NEW YORK, NY. (KPLR) – Americans are getting larger and this summer the American Medical Association took steps to address it, but Larry Mendte says they did it the wrong way.
Something awful happened this summer
30% of Americans, over 100 million people, were diagnosed with a disease
And it happened like that. When the American Medical Association made the absurd decision to label obesity as a disease
Their bleeding hearts are in the right place, they want to call attention to a growing problem that causes a long list of actual diseases.
They also want money. You see, if doctors call it a disease then insurance companies may pay for more treatments and procedures.
But the truth is the number one way to deal with obesity has nothing to do with medical treatment, but societal changes.
At the same time we are being encouraged to live a more sedate life in front of a computer, we are also encouraged to eat a lot of highly processed, chemically enhanced, hormone injected, corn syrup sweetened, full of fat, glow in the dark foods.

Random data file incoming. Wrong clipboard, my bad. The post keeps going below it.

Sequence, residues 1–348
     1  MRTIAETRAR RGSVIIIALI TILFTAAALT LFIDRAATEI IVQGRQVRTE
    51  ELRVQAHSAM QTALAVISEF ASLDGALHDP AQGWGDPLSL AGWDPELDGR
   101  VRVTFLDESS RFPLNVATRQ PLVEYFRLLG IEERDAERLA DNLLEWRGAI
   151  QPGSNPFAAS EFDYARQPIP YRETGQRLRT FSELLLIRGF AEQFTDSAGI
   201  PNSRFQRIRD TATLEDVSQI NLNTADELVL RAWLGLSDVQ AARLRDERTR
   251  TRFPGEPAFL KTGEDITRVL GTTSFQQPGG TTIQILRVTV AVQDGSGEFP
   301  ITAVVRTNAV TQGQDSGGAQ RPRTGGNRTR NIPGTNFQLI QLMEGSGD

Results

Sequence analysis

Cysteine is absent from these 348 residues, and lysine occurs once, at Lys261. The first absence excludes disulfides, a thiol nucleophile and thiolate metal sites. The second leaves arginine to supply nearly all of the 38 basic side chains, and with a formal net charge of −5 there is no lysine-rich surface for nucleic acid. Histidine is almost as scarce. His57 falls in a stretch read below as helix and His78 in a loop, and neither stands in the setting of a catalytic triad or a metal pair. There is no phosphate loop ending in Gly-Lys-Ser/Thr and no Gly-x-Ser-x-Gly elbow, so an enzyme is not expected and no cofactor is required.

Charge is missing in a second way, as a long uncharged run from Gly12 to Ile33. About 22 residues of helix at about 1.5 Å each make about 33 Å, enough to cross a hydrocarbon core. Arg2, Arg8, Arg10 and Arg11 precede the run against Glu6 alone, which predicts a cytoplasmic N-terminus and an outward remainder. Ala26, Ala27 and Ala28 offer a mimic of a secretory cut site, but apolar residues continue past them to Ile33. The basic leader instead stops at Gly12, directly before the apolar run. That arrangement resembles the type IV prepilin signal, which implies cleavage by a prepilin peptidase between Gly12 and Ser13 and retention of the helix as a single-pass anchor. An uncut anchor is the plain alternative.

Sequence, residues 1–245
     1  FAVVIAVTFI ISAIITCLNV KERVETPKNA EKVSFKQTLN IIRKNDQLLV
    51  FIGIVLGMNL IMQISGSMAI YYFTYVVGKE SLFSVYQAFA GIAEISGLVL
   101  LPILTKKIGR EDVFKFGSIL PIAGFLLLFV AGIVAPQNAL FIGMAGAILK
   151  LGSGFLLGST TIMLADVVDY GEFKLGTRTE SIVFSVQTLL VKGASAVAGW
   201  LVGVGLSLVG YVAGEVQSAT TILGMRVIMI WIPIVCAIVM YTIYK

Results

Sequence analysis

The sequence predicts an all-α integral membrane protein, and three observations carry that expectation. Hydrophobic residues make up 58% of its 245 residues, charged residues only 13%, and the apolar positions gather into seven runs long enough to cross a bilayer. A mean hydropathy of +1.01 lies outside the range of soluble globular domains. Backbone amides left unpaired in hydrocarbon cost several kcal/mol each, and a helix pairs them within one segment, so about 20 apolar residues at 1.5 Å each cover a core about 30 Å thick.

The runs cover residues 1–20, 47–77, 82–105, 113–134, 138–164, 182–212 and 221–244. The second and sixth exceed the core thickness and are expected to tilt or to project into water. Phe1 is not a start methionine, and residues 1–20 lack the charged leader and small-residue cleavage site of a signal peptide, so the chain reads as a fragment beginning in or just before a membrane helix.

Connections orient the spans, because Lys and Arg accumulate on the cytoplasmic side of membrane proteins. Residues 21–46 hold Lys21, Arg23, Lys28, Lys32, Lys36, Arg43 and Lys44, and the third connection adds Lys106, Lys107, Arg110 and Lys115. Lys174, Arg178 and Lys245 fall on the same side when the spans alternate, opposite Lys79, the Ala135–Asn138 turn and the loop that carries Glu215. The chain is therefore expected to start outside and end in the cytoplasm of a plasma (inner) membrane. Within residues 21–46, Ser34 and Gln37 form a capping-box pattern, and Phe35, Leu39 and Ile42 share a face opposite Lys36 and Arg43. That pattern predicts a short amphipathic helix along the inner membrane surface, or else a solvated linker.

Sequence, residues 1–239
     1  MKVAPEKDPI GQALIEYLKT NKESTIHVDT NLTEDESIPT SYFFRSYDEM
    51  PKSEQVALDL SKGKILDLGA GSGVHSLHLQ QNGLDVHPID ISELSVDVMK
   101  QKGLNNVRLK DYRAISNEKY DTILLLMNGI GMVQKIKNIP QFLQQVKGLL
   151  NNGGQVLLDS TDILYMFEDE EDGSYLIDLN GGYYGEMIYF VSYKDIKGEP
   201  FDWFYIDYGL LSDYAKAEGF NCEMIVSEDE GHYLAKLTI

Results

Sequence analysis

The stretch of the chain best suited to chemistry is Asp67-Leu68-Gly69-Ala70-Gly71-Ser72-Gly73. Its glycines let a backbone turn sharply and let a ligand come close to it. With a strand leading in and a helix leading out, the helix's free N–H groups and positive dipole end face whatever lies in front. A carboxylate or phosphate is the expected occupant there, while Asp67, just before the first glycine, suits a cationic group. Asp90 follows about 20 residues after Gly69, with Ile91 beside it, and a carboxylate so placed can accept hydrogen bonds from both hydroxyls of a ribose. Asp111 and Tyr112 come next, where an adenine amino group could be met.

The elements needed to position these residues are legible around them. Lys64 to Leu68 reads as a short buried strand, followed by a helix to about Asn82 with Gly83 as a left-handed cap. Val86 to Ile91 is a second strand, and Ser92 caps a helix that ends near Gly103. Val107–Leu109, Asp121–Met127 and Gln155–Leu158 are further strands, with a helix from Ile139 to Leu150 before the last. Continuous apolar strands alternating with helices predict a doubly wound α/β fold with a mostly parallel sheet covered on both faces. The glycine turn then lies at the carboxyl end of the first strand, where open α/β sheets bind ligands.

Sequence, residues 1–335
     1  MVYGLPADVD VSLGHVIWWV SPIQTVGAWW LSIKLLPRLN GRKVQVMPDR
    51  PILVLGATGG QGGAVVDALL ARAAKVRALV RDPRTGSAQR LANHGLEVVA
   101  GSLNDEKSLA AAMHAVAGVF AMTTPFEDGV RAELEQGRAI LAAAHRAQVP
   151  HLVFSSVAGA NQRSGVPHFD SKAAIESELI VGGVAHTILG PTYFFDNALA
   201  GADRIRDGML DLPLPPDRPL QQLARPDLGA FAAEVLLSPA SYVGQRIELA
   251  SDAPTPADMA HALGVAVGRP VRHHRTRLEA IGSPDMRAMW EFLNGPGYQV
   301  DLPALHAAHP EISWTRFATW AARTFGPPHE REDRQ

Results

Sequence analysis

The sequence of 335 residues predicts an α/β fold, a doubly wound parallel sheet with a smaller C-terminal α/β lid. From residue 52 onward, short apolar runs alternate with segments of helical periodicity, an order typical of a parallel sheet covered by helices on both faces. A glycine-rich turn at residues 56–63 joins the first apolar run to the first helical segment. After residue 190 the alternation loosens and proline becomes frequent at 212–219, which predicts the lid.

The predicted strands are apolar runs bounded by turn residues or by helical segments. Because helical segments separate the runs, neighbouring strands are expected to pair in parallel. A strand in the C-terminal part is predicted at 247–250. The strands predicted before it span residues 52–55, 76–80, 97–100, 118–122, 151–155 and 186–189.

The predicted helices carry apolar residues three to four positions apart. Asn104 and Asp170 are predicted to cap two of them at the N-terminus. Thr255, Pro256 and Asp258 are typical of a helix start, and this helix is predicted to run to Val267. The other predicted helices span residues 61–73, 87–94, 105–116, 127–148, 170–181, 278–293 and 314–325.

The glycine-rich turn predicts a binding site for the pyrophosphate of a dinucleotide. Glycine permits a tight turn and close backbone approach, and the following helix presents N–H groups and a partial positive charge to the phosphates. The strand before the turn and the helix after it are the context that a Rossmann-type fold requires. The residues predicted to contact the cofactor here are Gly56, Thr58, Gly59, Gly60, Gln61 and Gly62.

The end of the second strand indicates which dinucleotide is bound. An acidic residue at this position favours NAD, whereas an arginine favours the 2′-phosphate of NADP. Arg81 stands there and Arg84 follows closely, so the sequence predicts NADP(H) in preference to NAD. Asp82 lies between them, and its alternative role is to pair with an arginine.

Obesity isn`t a disease; it`s the symptom of a disease called eating like an American.
And who exactly is obese? The AMA says anyone with a BMI, body mass index, of 30 or over.
But many people with a plus 30 BMI are healthy in every other respect, are they diseased.
That`s not to say that obesity isn`t an awful thing, but so is drowning. You don`t label it a disease because some people don`t know how to swim.
And you know who is the most upset about the AMA decision? Fat people, specifically a group called the National Association to Advance Fat Acceptance. The group claims the AMA ruling stigmatizes those with weight issues. A popular hash tag on twitter is #iamnotadisease.
And here is the kicker, the AMA did this even though its own experts in the field recommended against it, why? Did I mention the money? The weight loss industry is a 66 billion dollar industry. And it could be even more lucrative if they could only figure out a way to get you and I to pay for it, you know like labeling it a disease.